How do you know if an employee has mental ill health?
If you think a member of staff has a mental health issue then the first question to ask yourself is "why?"
- Are there work-based issues?
- Is there a performance issue with the person?
- Have you noticed erratic or changed behaviour?
- Are there other signs of a mental health issue?
- Have other staff members said anything?
Have a look at some early warning signs we've outlined to give you some guidance on whether somebody may be dealing with a mental health condition.
Acting on clear evidence is important, but it's also important to use your common sense and your natural instincts to care for others.
As a manager you'll be used to discussing staff performance or problems with your employees. Occasionally the reason for a decrease in performance could be a mental health issue.
If you are thinking about discussing this with the employee it's really important to follow some guiding principles.
- Be clear that you wish to discuss a performance issue. Even if you think there may be a mental health issue. Start your discussions based on the evidence of the changes in performance just as you would normally.
- Consider asking someone else to get involved. A colleague, from HR or a team colleague they trust for example, a union rep or possibly a friend or family member could also help in some circumstances.
- Find out whether your company offers an Employee Assistance Programme so you can remind your employee what support is offered by the company.
- Avoid talking about performance if you think there may be a mental health problem.
See also the guidance on the following pages:
It's good to talk
How do I support an employee who is emotional?
If you find yourself informed of an employee's mental ill health indirectly or through gossip take the following steps:
- Challenge the person giving you the information. Have they heard this directly from the person concerned? is there a work related issue?
- Consider whether there is any evidence to back up this. Without evidence of an issue at work there is no conversation to be had.
- Make sure the person giving the information knows that you cannot act on this information until there is an evidence-based work issue.
If you establish that your employee is dealing with a mental health condition follow the guidance given in how do I support someone with mental ill health?
If it is still not clear that your employee is dealing with mental ill health look at guidance given in how do I create a healthy workplace?
What Are The Early Warning Signs Of Mental Ill Health?
Most of us have experienced high, even harmful stress at work occasionally. However, when an individual or group of employees becomes so routinely stressed that their health and work performance are affected then a mental health issue could develop.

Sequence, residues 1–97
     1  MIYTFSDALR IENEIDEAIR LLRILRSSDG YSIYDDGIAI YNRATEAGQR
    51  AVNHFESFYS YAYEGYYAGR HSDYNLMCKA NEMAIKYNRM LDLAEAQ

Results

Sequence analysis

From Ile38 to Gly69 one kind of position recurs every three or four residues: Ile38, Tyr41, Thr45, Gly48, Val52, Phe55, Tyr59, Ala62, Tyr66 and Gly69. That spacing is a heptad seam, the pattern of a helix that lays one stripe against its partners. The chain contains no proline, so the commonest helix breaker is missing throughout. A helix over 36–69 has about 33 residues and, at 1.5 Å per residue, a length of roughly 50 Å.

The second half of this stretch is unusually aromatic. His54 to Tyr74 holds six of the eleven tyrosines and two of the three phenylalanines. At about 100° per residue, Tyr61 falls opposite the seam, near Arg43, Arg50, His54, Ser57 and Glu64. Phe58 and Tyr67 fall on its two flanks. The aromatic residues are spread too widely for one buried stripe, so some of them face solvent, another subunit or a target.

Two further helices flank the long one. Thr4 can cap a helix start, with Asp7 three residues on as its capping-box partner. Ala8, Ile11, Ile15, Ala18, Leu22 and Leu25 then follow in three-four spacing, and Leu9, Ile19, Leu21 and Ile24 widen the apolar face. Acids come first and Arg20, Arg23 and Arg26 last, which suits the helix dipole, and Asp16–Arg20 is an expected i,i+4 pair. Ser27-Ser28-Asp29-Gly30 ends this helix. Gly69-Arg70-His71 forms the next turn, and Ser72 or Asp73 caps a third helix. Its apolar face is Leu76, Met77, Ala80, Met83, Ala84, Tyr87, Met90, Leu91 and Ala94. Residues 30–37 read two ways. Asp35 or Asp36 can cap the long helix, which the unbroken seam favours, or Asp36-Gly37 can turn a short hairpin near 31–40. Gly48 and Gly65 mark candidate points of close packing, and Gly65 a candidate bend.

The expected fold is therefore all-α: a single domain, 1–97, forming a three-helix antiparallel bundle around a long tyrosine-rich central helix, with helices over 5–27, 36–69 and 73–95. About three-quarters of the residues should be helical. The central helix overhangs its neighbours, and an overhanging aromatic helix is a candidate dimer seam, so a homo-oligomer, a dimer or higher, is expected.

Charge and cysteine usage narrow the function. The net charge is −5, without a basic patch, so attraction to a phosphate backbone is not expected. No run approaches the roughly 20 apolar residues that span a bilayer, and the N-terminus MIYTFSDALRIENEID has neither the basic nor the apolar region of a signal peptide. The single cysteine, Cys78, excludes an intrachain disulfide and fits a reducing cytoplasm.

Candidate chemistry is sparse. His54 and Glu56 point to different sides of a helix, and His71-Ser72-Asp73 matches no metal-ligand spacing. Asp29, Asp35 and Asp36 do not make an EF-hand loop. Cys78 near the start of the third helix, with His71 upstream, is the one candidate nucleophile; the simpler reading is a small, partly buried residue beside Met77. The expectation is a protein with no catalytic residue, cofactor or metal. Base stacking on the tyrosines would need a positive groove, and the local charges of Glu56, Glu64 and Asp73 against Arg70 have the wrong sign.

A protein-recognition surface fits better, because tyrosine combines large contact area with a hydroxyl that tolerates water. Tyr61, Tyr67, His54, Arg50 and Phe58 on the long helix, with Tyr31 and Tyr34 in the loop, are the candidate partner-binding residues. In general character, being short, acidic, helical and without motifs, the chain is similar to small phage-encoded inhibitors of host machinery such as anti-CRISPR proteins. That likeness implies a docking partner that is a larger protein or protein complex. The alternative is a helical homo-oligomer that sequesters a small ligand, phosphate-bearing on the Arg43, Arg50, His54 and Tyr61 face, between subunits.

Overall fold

So what are the particular early warning signs you should look out for?
- An increase in unexplained absences or sick leave
- Poor performance
- Increased use of alcohol, drugs, tobacco or caffeine
- Frequent headaches and back aches
- Withdrawal from social contact
- Poor judgement / indecision
- Constant tiredness or low energy
- Unusual displays of emotion e.g. frequent irritability or tearfulness
Talking to staff really is the best way to spot early signs of stress or an emerging mental health problem. The more open communication there is, the more feedback you receive and the more quickly you'll be able to spot early signs of stress. Follow the guidance here it's good to talk.
It's important to build in an early warning system so you can spot early signs. By following the steps below you can keep on top of workplace issues that might be causing mental health problems.
- Use supervision, appraisal or reviews to talk about any concerns your employee may have
- Provide training to help staff recognise when they are stressed
- Provide information on any services your company offers which will help your staff feel confident about your support
- Regularly monitor how your staff are feeling, there are some tools to help you do this in how do I create a healthy workplace? There are external organisations who can audit your organisation's wellbeing to highlight areas of potential problems so you can support staff before issues arise.
- Develop a workplace culture in which staff feel comfortable about disclosing mental health issues to you.